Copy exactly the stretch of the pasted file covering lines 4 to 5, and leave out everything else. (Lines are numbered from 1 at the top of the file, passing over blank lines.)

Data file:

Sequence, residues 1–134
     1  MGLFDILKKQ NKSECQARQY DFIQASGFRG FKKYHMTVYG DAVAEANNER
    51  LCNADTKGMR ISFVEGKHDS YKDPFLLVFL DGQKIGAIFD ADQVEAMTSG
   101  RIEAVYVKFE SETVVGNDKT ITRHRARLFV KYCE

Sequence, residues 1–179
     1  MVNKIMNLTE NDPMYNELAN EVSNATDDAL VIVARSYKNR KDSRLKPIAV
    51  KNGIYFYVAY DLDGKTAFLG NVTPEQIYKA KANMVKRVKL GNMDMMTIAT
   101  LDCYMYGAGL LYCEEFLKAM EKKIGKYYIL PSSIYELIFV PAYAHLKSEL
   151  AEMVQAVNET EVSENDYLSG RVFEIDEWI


   101  RIEAVYVKFE SETVVGNDKT ITRHRARLFV KYCE

Sequence, residues 1–179